Hm, I left a comment before about food issues with children who were in foster care or institutions, but maybe the link I left made it go to spam. In any case, I want to encourage adoptive parents to think about the importance of food, and especially considering how adoptive parents control over food impacts kids who have experienced not having enough food or other issues around food security/control as babies and young people.

Very little is written about the relationship between food and loss. I wrote a piece on the www. mnadopt. com website, under "Fact Sheets" (under the Information tab) under Parenting, titled "Food Issues."

Paula O.

Thank you for the link, Jae Ran. (Sorry, I didn't see a comment from before.)

I found the article you referenced so helpful - as were so many other pieces under the Parenting tab - what an incredible resource. Here it is again for everyone - if you have a moment, please check it out: http://www.mnadopt.org/factsheets.html

And yes, we need to do lunch soon! :)

InMySeoul

oh oh...
"Clean Plate Winners" is a terminology very common in my extended family. It came from my grandfather who grew up with a lack of food (not because his parents couldn't afford it, his father was a coal baron in the early 1900's, but because his father used it as control). So yes, he had "food issues" and always commended us grandchildren as "Clean Plate Winners". We joke, and sadly its true, that my grandpa can't finish a meal until he plans out what and where his next meal is going to be.

InMySeoul

I also wanted to say:
I hope you don't mind, but I am going to write a post about this topic. Its very interesting and has compelled some thought. I'll be sure to link your original post!

courtney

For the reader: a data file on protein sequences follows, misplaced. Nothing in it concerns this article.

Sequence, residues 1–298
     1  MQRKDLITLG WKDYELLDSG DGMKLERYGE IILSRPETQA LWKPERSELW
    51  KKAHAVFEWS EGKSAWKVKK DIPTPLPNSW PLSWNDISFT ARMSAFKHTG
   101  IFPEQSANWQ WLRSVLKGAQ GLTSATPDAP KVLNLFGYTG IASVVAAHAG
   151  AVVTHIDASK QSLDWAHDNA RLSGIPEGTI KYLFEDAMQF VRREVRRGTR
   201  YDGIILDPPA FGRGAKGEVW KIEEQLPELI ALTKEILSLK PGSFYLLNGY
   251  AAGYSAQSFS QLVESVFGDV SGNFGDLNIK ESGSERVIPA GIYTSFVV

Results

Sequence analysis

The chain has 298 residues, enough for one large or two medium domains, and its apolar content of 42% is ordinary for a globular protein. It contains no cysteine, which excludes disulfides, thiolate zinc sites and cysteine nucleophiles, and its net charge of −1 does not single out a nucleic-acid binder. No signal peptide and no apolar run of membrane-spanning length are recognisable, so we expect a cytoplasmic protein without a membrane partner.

Just found your blog and have been reading intently. I am a psychiatrist and I have a daughter adopted from Korea at 10 months. She was 25 pounds at 10 months, and very large by Korean and American growth charts. I think she had been fed anytime she showed any distress by her foster mother. I in no way mean this critically of her FM, she loved her very much and cared for her so well. Willow was eating 8X8 ounce bottles a day, and taking solid food at every meal as well. When she got home I let her feed on command and she only ate about 4 bottles and solid food. I know that in the 4 months she was with her fm, she was not underfed, so it was difficult for me to understand the food hoarding behavior she has exhibited from toddlerhood onward (she is 5). I thought why would she hoard if she was well fed, but you have opened up a different perspective. I don't think it was lack of food that caused her to hoard, but rather asserting control that she would have that form of comfort available if her fm (or primary caretaker went away). She had experienced loss at an early age and sustenence is so intertwined with role of caretaker. One other very interesting topic is her love of Korean food. We attend a predominantly Korean church, and Korean language school. I am a terrible cook, American, Korean or anyother cuisine. So she had not really experienced Korean food from the time she came home until about 1 yr later when we started attending Korean school. It was amazing watching this toddler, devour, Korean rice, Bulgogi and kimchi. From her first korean food (in america) until the present day, she devours it and can eat far more in quantity then any other type of food. SHe has firmly convinced me that babies acquire their mother's taste associations in utero! After reading this post, I think that when she eats Korean food, she strongly associates that with her early months, sustenence and connection with her mom, Korean fm and her life she left behind so she tries to get as much in as possible, in an attempt to "save some for later"